Here’s a great bit of one-stop-shopping for quick projects or research in basic chemistry. WebElements has put together virtually everything you need to know about the periodic table all in one interactive site. Simply click on an element’s symbol from the periodic table on their homepage and be taken to the specific information you’re looking for.
Students can choose from the following categories for study about their element:
- The essentials – basic overview information
- History – the discovery (or creation) of the element
- Uses – various ways the element is used not only in chemistry but also in other applications
- Geology – how abundant is the element and where can it be found?
- Biology – the biological role of the element and the level of the element found in humans
- Physics – melting points, boiling points, densities, etc.
- Chemistry – how does the element react with acids, bases, the air, etc.?
- Compounds – what compounds include the element and, in some cases, the standard reduction is included.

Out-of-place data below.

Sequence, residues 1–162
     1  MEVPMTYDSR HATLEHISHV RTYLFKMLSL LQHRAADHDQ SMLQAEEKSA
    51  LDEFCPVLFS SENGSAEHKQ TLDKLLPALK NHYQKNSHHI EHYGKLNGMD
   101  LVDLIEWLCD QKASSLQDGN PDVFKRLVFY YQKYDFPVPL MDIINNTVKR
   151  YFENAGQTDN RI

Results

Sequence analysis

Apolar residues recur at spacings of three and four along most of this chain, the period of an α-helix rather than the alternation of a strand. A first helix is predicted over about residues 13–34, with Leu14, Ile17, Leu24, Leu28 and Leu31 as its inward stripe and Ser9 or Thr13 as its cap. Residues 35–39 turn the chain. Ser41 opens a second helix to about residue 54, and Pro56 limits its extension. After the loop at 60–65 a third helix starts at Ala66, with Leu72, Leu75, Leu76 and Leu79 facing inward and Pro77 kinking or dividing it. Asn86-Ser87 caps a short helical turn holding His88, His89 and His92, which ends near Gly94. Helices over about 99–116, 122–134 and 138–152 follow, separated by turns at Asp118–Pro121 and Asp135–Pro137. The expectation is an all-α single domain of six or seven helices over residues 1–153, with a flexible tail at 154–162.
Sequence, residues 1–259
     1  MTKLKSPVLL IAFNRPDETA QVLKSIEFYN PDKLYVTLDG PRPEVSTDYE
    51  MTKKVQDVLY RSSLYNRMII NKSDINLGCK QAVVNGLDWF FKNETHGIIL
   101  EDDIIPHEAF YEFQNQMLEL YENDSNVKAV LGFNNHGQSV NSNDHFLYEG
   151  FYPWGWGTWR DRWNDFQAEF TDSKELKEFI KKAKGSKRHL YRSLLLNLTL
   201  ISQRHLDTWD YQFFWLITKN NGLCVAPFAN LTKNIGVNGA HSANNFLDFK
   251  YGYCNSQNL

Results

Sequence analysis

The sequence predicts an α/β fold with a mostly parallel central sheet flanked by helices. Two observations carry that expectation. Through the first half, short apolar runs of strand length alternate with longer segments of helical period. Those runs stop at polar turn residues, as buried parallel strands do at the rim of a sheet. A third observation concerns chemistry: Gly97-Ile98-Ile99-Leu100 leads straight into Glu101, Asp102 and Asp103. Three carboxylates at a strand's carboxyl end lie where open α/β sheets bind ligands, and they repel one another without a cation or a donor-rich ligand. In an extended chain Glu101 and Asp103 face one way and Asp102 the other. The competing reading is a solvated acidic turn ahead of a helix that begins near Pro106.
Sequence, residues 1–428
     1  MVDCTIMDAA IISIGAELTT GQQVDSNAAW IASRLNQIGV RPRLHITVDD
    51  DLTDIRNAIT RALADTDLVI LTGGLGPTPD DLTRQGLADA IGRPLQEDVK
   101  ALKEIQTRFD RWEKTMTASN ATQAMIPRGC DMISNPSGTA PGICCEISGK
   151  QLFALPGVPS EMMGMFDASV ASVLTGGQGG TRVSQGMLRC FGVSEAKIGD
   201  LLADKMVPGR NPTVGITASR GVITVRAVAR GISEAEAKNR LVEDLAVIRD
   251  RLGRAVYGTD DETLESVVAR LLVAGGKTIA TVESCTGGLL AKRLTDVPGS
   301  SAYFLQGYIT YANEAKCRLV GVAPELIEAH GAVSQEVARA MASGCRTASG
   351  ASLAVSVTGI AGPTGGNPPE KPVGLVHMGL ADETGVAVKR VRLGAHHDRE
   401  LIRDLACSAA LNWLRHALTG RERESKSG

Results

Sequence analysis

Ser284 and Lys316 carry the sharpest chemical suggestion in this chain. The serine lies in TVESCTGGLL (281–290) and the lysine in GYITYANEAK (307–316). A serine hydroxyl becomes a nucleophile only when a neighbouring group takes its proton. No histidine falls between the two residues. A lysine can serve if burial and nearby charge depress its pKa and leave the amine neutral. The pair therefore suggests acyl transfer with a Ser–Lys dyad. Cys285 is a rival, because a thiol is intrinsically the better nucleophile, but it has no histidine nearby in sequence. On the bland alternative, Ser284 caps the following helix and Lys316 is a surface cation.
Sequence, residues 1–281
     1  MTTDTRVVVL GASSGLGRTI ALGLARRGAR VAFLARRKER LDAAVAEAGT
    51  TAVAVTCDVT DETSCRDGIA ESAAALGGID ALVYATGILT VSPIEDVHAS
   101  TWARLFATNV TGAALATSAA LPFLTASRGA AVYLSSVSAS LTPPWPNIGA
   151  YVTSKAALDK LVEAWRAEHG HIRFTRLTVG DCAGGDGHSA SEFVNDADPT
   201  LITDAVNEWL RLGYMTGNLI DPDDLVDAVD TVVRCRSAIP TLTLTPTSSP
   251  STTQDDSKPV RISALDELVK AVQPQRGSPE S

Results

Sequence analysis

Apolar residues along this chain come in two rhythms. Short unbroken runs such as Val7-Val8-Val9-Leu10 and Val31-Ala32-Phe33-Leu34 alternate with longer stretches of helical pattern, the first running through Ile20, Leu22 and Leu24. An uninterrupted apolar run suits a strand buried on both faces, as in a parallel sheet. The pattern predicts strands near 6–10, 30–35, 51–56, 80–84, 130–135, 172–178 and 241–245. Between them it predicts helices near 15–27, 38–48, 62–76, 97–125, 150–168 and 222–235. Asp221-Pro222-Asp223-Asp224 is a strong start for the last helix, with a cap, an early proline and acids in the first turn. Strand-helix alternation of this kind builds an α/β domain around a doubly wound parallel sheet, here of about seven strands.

- Pictures – what does the element actually look like in nature?
- More in-depth study topics including the electronegativity, bond empathies, atom and ion sizes, isotopes and more of the elements.
You and your students can use this site in a variety of ways:
Have them “adopt an element” and create a poster or presentation with various facts about the properties of the element, the history of the element, and include photos of the element alone and in compounds. You can even translate the name of the element into 8 different languages here!
Other, more advanced students, will be able to bookmark the site and use the more detailed pages to see research conducted and data provided on the physical and chemical properties of all 118 elements. Of course, as science is ever changing, some of the rarest of the elements have less information than others, but every page is fully researched and documented with footnotes for further research.
You can use this in your lessons to supplement instruction through the photos provided and interactive tables found in the physics, chemistry, and thermodynamics subsections, for example.
My only major complaint about this site is their over-reliance on what can be obtrusive ads. While all are school appropriate and try to have something in common with the elements’ pages they are on, the layout of these can be confusing and a little obtrusive for students. I found installing a simple ad blocker add-on to your browser (I use AdBlock Plus for Chrome) solved this problem immediately.